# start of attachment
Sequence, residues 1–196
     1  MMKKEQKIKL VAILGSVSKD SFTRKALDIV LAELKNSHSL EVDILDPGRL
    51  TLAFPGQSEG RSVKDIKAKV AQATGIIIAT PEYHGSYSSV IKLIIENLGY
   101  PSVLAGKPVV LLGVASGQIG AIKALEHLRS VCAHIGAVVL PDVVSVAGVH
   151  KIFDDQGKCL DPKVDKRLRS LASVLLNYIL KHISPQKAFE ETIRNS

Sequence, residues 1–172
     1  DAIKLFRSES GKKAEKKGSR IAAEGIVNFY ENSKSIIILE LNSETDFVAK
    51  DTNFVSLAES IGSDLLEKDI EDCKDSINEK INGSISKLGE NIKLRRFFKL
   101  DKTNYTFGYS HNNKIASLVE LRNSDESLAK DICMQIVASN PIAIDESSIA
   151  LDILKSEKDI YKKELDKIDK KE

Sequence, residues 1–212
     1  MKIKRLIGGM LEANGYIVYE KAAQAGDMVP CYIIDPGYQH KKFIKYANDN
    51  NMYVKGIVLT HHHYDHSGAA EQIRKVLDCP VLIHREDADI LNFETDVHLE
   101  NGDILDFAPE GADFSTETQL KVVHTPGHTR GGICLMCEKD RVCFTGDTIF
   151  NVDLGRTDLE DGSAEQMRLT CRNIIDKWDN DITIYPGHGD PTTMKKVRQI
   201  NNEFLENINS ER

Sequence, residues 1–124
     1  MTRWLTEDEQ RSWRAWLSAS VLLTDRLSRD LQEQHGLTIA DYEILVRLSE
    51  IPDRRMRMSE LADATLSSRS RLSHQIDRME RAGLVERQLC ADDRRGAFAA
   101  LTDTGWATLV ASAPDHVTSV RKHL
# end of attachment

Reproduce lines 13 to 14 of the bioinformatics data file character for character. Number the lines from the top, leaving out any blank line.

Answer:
    51  NMYVKGIVLT HHHYDHSGAA EQIRKVLDCP VLIHREDADI LNFETDVHLE
   101  NGDILDFAPE GADFSTETQL KVVHTPGHTR GGICLMCEKD RVCFTGDTIF